Prostatectomy is not life-threatening, but prostate removal significantly affects the quality of life, and it may cause problems like urinary symptoms, bladder issues, erectile dysfunction, and more. T
These issues may last for several months and even years, something patients should be ready for if they decide to have the surgery.
However, a lot depends on the patients age and the kind of surgery done. Studies show that about 60% of patients would make an almost complete recovery within 3 months with no long-term complications. By 12-months, almost 90% of patients can expect to feel much better and nearly normal.
Unfortunately, improvement is slow for some people, and they need 2-3 years to revive their sexual function and get rid of urinary issues. Regretfully, these issues may continue to haunt some for a while.
Here it is vital to understand that the above data is for radical proctectomy . The outlook is better after partial proctectomy.
Overall Outlook Following Prostate Cancer Surgery
Surgery for prostate cancer has been refined over the years, and is now associated with fewer complications and a good long-term success rate. Nonetheless, complications such as incontinence and erectile dysfunction do still occur and can be very distressing.
It is important to ask your surgeon for information about all the things that are important to you before the operation. However, they can only give you statistics and probabilities and will not be able to tell you exactly what will happen to you every man has a different story to tell.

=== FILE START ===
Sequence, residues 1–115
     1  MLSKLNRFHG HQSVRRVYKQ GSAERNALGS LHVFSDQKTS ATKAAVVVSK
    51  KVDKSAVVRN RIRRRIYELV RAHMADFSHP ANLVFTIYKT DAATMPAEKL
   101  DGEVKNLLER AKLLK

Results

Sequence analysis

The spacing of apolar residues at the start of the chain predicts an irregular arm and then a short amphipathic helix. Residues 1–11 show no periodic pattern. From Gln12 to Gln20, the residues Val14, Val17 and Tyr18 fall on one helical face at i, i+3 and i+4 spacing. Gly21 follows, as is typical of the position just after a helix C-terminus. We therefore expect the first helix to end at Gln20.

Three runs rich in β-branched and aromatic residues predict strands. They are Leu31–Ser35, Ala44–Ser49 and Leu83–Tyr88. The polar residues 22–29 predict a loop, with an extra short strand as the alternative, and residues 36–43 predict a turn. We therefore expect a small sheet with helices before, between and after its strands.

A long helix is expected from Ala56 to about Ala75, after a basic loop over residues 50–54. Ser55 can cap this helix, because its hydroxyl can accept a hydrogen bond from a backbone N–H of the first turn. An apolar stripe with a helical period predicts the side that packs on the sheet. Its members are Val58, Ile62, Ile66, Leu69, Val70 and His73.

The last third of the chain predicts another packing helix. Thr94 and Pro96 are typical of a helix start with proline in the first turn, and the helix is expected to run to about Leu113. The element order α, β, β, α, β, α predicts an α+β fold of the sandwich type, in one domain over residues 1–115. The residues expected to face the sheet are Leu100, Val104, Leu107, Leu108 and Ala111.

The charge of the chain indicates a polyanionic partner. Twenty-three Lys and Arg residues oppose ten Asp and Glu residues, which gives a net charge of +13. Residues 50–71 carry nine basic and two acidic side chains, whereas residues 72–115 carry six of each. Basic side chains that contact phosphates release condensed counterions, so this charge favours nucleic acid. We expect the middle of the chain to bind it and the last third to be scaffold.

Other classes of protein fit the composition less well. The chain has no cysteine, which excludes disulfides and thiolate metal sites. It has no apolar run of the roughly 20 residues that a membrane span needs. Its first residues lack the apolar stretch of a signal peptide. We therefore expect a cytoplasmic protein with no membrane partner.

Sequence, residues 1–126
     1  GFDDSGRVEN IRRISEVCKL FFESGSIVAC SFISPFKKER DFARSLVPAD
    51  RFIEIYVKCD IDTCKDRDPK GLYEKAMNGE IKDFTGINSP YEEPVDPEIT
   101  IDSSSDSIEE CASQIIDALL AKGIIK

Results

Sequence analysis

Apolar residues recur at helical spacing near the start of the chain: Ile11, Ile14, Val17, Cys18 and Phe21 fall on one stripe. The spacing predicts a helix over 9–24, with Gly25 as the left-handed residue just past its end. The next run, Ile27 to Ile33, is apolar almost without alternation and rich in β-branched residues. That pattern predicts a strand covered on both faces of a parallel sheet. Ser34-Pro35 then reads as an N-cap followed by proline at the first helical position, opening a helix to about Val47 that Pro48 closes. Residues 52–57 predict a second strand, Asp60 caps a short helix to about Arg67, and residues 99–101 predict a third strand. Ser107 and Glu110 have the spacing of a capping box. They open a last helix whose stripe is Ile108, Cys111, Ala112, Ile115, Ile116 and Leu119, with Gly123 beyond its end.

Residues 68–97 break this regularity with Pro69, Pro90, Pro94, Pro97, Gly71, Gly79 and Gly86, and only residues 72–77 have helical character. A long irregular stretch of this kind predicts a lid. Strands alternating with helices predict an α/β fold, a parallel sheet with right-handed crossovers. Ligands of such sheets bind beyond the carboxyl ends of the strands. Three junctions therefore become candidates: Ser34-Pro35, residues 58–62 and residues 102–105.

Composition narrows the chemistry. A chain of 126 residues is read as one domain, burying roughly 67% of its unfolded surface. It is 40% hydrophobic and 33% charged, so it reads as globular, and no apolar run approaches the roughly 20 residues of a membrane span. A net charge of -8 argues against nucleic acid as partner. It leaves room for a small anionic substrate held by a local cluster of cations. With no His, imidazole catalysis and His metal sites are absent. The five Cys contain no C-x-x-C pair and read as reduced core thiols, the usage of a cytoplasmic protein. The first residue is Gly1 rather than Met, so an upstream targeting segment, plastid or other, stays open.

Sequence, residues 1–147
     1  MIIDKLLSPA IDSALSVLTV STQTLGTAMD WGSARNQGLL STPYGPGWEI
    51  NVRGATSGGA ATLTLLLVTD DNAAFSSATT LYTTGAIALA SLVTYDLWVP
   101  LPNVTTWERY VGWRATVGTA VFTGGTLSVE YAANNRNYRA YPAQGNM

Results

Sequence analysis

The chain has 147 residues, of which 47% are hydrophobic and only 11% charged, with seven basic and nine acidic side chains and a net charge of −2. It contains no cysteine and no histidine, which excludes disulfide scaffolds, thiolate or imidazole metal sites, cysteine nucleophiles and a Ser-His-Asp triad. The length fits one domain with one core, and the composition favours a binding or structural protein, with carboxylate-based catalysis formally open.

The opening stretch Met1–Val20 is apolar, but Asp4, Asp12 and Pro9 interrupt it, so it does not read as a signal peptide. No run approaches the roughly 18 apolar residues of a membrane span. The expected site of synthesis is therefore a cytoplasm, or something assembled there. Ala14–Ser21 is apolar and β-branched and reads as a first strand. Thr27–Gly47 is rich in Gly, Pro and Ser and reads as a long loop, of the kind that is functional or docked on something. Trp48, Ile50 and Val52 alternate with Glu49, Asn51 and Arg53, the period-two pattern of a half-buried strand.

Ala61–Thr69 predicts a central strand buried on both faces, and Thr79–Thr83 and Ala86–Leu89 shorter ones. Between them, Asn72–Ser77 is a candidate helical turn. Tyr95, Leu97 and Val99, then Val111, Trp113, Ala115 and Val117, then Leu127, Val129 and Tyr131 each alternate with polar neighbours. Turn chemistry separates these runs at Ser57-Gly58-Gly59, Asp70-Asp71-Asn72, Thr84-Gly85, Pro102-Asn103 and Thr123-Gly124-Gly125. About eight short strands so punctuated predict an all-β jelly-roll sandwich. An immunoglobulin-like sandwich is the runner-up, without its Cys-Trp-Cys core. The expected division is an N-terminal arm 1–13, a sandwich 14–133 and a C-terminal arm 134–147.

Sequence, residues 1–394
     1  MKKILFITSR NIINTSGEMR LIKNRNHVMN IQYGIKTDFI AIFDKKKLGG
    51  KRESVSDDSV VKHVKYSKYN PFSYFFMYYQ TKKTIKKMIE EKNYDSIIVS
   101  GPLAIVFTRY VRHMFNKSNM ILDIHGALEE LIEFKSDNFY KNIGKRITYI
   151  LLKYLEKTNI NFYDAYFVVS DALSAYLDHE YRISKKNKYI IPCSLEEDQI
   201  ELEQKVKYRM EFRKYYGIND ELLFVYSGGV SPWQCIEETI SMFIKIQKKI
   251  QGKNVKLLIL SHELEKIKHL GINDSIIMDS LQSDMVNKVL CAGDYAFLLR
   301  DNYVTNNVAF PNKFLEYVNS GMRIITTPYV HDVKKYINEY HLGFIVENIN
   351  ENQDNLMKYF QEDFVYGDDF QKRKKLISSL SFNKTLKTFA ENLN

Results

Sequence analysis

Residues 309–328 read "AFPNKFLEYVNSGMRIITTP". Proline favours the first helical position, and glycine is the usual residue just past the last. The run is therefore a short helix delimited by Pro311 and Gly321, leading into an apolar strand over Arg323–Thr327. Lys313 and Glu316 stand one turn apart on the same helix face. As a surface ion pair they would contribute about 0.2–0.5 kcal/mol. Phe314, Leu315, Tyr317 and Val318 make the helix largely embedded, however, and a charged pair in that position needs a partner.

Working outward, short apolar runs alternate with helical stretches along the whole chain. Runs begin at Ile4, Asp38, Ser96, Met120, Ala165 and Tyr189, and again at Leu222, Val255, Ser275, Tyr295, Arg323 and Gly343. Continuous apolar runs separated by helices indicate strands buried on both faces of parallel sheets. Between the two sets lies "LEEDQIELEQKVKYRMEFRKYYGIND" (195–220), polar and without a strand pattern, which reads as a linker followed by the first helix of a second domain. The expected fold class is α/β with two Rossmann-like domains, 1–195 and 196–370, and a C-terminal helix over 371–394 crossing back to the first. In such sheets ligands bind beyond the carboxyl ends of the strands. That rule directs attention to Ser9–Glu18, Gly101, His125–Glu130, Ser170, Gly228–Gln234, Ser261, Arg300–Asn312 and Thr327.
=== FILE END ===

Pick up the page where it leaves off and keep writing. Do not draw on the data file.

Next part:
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What Are The Long
As per the American Cancer Society, there are two common long-term effects when the prostate is removed urinary inconsistency and erectile dysfuction.
Both these issues are quite common and will last at least three months in all the cases. Most will see improvement in about 12 months.
Nevertheless, some urinary issues and erectile dysfunction may be chronic and last for a few years, requiring continuous care and treatment.
What Changes Do I Need To Make To My Diet
Discuss your post-surgery diet with your doctor as you will probably want to avoid or at least minimize issues such as constipation. The lack of exercise, the medication, even the stress, might affect your bowel functions. Your diet will be focused on eating more vegetables, fruits, grains and avoiding meat, especially the red one, pasta, alcohol, fast-food, sugar and processed desserts.
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How Does The Doctor Know I Have Prostate Cancer
Prostate cancer tends to grow slowly over many years. Most men with early prostate cancer dont have changes that they notice. Signs of prostate cancer most often show up later, as the cancer grows.
Some signs of prostate cancer are trouble peeing, blood in the pee , trouble getting an erection, and pain in the back, hips, ribs, or other bones.
If signs are pointing to prostate cancer, tests will be done. Most men will not need all of them, but here are some of the tests you may need:
PSA blood test: PSA is a protein thats made by the prostate gland and can be found in the blood. Prostate cancer can make PSA levels go up. Blood tests will be done to see what your PSA level is and how it changes over time.